Macdonald-Wright had left Los Angeles for Paris in 1909,
and it was there in 1913 that he and Morgan Russell (1886-1953) founded Synchromism.
The first avant-garde art movement started by Americans in Europe. He returned
to New York to exhibit at Alfred Stieglitz’s 291 Gallery and in the Forum
Exhibition of 1916, but, tired of “chasing art up back alleys” in
the city, he went back to California in the fall of 1918. He began lecturing
and plotting the promotion of Modern art almost instantly - by 1920 he had engineered
the first exhibition ever of avant-garde painting in Southern California, an
event that paralleled (in a more modest way) the furor of New York’s Armory
show in 1913. Macdonald-Wright’s
fiery rhetoric, aggressive intellectual probing, and sheer artistic talent
inspired students such as Alvarez not to mimic him, but to find their own voice
by way of being introduced to a larger world of ideas and approaches than regional
In 1922 Macdonald-Wright took over the Los Angeles Art Students
League, where in 1924 Alvarez took notes and typed verbatim his rambling lectures
on aesthetics, which included ideas on ancient and oriental art.14
of the first things students were told was that imitation by itself did not
make art: “Imitation thus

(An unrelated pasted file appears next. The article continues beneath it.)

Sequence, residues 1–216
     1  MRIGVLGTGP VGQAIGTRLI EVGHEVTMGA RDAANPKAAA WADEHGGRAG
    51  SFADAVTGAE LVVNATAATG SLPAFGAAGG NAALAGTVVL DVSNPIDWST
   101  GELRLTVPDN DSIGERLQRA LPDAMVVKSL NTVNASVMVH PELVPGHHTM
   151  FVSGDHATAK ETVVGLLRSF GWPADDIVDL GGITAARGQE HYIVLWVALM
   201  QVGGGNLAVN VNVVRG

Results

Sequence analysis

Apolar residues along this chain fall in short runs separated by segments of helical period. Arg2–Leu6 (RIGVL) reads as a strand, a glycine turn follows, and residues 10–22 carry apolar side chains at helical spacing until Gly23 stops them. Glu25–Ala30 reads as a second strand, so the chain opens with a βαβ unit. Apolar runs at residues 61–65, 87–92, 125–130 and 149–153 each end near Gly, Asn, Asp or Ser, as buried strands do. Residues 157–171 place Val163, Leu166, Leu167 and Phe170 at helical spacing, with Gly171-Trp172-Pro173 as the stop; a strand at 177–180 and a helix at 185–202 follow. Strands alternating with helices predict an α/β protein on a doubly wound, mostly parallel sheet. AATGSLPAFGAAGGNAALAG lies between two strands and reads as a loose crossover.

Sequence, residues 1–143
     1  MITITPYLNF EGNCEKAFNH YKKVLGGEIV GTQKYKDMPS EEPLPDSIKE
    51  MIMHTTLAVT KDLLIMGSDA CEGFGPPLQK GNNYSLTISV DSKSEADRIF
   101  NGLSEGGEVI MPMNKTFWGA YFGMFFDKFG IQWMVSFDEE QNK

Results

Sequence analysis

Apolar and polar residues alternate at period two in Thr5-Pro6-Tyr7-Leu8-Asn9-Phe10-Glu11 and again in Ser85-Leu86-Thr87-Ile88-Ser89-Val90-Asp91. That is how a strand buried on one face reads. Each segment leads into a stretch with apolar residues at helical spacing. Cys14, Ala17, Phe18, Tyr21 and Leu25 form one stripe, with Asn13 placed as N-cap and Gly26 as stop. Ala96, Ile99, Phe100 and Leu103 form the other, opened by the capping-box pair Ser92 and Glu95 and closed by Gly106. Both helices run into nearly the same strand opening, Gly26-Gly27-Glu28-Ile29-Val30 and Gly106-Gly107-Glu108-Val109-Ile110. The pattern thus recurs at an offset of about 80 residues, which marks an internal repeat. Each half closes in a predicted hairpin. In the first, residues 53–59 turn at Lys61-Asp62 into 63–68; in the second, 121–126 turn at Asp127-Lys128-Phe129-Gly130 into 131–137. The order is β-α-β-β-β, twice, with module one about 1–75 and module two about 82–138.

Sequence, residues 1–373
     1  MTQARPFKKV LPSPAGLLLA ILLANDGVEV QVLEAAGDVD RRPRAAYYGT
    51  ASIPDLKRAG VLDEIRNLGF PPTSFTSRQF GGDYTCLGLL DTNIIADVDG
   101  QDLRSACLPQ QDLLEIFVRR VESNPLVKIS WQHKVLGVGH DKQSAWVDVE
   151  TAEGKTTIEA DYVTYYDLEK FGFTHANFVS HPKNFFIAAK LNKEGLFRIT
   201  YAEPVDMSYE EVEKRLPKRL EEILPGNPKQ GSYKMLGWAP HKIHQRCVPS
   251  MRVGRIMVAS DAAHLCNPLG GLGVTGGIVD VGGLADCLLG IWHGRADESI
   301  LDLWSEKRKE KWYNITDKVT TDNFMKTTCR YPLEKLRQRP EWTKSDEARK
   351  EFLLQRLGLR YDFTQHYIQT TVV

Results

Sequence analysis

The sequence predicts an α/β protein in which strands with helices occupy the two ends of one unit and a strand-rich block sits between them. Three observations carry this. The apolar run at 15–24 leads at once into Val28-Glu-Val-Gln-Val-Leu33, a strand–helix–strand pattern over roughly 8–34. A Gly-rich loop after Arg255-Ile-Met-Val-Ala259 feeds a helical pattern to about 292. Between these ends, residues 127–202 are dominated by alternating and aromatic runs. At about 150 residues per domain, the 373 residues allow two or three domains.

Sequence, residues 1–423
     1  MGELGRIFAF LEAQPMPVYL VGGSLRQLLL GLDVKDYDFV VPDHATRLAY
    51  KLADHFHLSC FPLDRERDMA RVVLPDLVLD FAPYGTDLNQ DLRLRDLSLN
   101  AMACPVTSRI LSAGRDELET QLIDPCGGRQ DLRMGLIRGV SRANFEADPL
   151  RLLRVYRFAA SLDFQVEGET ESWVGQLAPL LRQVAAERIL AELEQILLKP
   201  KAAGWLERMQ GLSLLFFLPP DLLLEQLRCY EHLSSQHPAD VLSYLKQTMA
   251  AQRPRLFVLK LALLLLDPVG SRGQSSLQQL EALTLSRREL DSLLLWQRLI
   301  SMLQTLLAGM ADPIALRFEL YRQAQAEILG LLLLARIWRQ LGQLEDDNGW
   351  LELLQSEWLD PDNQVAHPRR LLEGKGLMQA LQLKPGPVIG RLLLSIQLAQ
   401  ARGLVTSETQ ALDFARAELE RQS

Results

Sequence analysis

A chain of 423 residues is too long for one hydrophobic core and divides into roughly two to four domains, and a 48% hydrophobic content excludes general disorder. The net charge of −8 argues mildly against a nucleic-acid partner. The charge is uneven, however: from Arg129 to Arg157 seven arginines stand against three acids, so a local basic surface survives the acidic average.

approximates but one world - that of objectivity, and if we consider the work
of art to be the entire expression of the man, it must be an equally balanced
manifestation of man’s existence in this dual world."15
short, art needed the world of feeling, subjectivity.
It was in 1922 that Alvarez became a part of the “Group
of Eight,” painters
who banded together to promote their art which was veering further and further
away from the predictable standards of the California Art club. The Eight included
Alvarez, her former teacher John Hubbard Rich, Henri de Kruif, Luvena and Edouard
Vysekal, Donna Schuster, Roscoe Schrader, and Clarence Hinkle. Critic Antony
Anderson observed that the group had “some decidedly modern tendencies,” and
they did in relation to standard California Impressionist fare. Just how “Modern” Mabel
Alvarez was at this time is best revealed by one of the major paintings of
her career, her Self-Portrait
of 1923 (fig.4).
image of herself is defined by broad areas of flat paint. The composition is
simple, symmetrical, and focused - a lean description of her face in basic